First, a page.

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"Silchar Was the Gateway to Netaji's March to Delhi: The Aperture to Bengal

Netaji first visited Silchar in 1938, participating in a meeting organized by the Congress committee here. In a congregation presided over by the Cachar District Students’ Association President, Sushil Ranjan Chakrabarty, Netaji saw immense potential in Sushil and left him with a note, stating, “Work for the present, but prepare for the future.” The future held a lot in store for Silchar, for the men and women here to play a pathbreaking role in the independence of the nation, but destiny had a different choice.

When the Second World War was in full swing, the INA of Netaji Subhash Chandra Bose reached the Indian territory of Imphal and Kohima by the beginning of the year 1944. However, another convergence point, where the INA crossed the Indo-Myanmar border and entered the territory of Undivided India, was in Mowdok (present-day Bangladesh). Mowdok was too close to the Chittagong headquarters of the British Indian Armed Forces.

The next predicted move of the INA was to infiltrate through Bengal (then United Bengal), to reach the Gangetic plains as soon as possible. This would make the march ahead self-sustainable and less dependent on Japanese support. The Japanese Airforce twice tried to destroy the Silchar Railway Station and the helipad at Silchar but dropped their bombs at the wrong locations. One of such significant bombings took place at Derby Tea Estate of Barjalenga, Cachar, on 7th April 1944. The goal was to cut Silchar off from supplies, as it was the British Indian Armed Forces headquarters in the region and also the gateway to Sylhet and subsequently Bengal. The Japanese Airforce dropped pamphlets as well on the locations where the bombardment was caused unintentionally or due to wrong interpretation of the location, apologizing to the villagers of Cachar. The plan, as it appears, and can only be speculated, was to capture the two different flanks of Bengal – the Chittagong at the Southeast and the Silchar at the Northeast of the then Bengal. This would open up the way to Sylhet and Chottogram and thus the open plains of Bengal. Once into the Gangetic plains, the INA could have reduced its reliance on Japanese supplies, and the military clashes could have easily transformed into an armed revolution from within the general populace of the nation.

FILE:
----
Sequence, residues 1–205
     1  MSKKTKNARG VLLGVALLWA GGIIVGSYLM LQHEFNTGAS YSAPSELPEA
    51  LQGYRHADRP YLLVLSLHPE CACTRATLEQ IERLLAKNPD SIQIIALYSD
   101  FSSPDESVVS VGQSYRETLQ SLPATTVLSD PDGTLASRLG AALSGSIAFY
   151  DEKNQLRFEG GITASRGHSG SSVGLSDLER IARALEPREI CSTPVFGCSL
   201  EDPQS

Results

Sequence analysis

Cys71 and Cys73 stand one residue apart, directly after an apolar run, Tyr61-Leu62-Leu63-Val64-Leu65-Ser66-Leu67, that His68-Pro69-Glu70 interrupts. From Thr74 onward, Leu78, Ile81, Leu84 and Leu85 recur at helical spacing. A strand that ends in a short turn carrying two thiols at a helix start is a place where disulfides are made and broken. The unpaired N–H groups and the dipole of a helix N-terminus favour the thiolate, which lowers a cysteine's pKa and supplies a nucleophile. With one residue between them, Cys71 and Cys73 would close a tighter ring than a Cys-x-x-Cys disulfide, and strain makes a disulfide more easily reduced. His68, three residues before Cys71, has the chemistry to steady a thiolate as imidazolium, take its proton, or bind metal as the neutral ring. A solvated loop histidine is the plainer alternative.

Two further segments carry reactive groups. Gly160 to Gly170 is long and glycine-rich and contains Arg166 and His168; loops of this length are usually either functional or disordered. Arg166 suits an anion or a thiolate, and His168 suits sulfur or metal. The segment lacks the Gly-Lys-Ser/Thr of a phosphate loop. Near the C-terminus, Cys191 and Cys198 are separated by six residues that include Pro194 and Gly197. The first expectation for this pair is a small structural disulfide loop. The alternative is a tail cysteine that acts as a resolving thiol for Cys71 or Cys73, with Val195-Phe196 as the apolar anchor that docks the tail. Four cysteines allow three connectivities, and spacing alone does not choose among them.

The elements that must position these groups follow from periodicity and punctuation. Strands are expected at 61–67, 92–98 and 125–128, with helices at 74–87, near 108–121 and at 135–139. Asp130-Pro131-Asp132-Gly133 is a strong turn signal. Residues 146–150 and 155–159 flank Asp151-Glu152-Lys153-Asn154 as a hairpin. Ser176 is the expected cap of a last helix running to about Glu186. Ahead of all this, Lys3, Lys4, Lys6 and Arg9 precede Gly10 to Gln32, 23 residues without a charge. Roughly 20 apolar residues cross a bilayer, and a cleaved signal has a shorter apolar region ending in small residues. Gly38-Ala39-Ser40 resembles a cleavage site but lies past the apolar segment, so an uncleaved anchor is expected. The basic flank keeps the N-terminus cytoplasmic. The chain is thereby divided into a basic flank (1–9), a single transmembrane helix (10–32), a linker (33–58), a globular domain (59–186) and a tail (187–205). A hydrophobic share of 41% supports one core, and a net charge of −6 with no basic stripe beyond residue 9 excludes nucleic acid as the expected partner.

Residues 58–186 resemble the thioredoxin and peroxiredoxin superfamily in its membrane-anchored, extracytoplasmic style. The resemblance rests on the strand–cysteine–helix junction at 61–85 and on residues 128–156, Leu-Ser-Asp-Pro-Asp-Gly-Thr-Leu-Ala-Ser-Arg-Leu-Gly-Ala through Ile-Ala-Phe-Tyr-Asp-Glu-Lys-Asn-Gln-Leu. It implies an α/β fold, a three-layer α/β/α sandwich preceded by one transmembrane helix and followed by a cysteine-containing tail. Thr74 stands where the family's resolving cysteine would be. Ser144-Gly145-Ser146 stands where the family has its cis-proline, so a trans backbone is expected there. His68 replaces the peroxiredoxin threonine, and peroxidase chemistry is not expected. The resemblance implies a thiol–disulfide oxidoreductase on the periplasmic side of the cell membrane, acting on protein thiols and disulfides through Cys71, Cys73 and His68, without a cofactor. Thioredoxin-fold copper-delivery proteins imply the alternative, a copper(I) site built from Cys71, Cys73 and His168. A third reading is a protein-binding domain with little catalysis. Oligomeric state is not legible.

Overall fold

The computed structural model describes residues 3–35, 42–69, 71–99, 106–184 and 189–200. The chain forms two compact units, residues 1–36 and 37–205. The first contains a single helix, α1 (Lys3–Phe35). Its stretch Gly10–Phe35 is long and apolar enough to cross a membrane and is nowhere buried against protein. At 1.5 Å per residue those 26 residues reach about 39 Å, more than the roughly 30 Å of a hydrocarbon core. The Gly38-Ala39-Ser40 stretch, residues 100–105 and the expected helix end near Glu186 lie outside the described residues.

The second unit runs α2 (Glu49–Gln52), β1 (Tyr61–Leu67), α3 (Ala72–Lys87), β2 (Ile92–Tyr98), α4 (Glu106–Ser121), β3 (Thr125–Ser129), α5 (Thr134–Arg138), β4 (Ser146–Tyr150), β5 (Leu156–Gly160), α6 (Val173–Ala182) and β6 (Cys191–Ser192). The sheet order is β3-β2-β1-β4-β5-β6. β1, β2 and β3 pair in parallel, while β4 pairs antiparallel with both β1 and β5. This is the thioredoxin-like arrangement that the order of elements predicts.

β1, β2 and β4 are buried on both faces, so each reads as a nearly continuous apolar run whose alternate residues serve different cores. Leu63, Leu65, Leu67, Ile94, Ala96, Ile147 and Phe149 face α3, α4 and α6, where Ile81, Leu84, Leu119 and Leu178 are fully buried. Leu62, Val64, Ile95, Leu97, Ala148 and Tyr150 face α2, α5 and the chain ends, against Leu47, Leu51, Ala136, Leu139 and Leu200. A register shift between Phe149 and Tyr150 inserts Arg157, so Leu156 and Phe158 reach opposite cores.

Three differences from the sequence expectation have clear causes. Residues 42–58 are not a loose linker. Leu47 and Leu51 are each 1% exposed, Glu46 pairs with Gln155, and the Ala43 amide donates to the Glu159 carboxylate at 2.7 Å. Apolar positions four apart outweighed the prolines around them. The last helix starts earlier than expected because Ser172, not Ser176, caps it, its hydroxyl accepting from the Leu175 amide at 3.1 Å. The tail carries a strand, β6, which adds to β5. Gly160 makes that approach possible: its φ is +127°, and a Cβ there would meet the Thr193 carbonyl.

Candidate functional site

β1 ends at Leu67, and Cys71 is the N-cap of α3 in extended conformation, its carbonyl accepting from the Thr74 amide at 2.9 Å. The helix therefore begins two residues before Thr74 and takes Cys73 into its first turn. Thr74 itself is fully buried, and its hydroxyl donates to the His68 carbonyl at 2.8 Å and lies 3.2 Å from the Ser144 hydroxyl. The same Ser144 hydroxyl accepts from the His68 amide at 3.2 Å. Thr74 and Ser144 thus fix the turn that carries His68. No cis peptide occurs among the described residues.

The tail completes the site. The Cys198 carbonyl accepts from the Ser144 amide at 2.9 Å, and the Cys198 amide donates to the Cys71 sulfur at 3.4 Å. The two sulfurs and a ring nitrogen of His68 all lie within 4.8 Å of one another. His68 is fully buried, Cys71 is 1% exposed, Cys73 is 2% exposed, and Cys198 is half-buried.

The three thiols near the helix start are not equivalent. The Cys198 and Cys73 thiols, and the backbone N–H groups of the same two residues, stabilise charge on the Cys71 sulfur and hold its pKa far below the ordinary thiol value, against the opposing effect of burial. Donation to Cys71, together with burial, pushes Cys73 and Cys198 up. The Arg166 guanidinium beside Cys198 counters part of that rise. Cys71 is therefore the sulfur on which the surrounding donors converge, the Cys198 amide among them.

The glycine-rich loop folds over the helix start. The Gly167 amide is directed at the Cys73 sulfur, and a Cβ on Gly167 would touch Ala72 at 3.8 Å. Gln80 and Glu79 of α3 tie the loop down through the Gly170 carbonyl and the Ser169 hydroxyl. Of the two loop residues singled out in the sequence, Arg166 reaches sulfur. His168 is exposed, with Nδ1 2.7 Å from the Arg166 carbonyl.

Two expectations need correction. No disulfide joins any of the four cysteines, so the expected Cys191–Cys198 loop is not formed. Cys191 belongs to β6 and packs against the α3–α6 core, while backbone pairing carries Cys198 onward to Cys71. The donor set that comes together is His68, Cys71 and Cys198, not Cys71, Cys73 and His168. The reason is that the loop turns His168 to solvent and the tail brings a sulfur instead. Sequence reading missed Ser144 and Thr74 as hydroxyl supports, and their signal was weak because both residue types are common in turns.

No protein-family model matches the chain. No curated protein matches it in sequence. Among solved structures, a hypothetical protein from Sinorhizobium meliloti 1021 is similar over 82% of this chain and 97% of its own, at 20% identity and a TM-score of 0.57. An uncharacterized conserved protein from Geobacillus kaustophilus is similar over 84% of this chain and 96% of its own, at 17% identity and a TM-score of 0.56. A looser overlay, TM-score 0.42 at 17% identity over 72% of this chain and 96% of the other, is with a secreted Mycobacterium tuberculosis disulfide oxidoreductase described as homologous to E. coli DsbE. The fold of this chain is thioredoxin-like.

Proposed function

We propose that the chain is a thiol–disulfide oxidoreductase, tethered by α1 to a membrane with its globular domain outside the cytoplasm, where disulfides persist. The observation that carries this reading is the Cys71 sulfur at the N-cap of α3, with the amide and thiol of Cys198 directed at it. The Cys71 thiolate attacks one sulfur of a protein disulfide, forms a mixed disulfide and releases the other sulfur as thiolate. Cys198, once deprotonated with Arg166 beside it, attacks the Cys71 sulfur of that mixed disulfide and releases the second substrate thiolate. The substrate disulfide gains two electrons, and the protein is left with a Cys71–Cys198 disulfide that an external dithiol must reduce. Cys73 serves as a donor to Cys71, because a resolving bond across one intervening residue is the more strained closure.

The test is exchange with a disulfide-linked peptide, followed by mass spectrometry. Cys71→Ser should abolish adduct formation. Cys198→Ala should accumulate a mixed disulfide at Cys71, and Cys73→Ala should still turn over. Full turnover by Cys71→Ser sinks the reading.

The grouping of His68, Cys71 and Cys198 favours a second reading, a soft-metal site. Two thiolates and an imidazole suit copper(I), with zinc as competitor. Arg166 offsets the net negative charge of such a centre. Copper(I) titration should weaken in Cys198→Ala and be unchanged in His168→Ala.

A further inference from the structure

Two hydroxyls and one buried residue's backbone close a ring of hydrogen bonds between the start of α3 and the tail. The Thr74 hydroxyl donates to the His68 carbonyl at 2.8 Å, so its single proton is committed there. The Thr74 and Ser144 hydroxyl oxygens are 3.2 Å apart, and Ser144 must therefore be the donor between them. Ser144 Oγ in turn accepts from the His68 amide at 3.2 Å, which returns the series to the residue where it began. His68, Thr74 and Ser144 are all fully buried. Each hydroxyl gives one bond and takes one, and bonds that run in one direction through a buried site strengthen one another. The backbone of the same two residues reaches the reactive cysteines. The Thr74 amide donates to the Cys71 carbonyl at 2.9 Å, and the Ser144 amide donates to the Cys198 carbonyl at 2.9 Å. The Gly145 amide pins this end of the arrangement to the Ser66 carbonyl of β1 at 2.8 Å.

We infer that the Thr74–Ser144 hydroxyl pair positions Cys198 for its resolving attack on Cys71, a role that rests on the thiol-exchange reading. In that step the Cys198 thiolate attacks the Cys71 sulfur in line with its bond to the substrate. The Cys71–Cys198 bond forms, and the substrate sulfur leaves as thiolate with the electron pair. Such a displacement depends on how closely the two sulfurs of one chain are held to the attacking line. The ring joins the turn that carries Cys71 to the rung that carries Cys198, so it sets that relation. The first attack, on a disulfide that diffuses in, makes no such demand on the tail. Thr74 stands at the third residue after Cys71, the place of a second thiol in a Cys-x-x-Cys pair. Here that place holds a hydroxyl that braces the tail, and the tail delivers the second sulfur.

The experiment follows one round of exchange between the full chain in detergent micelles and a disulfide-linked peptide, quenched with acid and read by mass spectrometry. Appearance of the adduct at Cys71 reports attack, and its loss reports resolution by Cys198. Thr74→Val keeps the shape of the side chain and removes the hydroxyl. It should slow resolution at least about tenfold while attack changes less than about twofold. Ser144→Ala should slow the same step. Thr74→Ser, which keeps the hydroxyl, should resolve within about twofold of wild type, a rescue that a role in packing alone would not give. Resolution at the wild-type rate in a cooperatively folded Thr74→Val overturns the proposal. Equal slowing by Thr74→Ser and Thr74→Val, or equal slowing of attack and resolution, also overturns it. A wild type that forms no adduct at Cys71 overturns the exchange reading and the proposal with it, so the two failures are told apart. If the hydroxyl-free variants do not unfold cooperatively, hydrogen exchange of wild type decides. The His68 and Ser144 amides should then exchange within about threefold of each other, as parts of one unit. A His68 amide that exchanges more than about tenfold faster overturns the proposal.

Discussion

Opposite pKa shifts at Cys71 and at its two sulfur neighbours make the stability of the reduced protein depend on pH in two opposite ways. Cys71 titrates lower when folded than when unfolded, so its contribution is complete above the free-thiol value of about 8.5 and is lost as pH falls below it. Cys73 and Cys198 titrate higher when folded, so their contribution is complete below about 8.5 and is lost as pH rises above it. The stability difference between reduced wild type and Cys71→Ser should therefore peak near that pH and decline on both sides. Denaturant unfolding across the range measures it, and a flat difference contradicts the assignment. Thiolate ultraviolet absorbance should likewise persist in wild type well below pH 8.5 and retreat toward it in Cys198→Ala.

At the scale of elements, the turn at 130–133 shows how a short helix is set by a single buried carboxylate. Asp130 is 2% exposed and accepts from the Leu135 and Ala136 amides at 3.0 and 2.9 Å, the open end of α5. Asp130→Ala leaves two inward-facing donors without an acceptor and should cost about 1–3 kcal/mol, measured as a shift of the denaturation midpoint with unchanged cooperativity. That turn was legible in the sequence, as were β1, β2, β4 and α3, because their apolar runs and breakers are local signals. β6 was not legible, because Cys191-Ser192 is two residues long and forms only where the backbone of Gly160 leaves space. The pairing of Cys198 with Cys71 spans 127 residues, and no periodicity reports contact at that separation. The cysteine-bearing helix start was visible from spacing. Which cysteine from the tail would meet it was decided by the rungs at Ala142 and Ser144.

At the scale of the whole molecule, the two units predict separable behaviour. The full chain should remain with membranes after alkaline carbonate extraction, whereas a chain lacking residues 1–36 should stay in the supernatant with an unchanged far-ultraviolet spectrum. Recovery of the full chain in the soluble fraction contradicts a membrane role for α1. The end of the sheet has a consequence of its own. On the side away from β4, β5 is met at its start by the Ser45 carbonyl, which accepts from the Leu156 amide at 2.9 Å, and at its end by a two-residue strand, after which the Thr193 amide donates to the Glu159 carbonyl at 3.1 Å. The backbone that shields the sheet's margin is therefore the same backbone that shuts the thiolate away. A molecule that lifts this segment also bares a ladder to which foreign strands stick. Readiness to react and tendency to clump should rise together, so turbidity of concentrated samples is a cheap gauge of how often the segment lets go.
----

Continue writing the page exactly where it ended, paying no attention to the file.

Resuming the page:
The Chittagong-Silchar military-strategic importance was first noticed and observed during the Revolt of 1857 when a group of rebellious armed force personnel of the British Indian Army defected from their Chittagong headquarters, revolting against their British officers, and reached Silchar through a route that was not known before. Had the Silchar Railway Station fallen to Japanese raids, perhaps the 1961 Language movement wouldn’t be the only thing that our Railway Station would have been proud of. The fall of Silchar Railway Station could have broken down the backbone of the British in the entire region and cleared up the space for Netaji’s march to Delhi through Bengal, the gateway for which could have been Silchar itself.

The ghost of INA haunted the British and the Congress top brass even after the Second World War ended, and Netaji disappeared from public view. On 30 April 1946, when Jawaharlal Nehru was visiting Silchar, he was caught up by protestors who were demanding Sylhet not be handed over to Assam. The religiously volatile Sylhet had its Muslim population pitching for East Pakistan and the Hindus for India. The leaders of Assam, Gopinath Bordoloi to be particular, wanted Sylhet not to be joined with Assam and rather be given away to East-Pakistan. Awarding Sylhet a separate statehood could have established long-lasting peace here, and much of Sylhet could have remained within the Indian territory. But Nehru and his likes were least interested in this part of India. Coming back to the topic, when Nehru was caught up by the protestors, someone from the crowd hurled a stone at his car. It was later found that the stone had an Azad Hind Govt currency note attached to it. This essentially proves that people sympathizing with Netaji and his cause still existed in Silchar, even after his disappearance, and a march ahead by his forces through this corner of Bengal could surely have ignited an armed revolution, pushing the British towards the most embarrassing exit from any colony they ever had.

The author of this article is a student by profession and a regular contributor to Barak Bulletin’s opinion section. 

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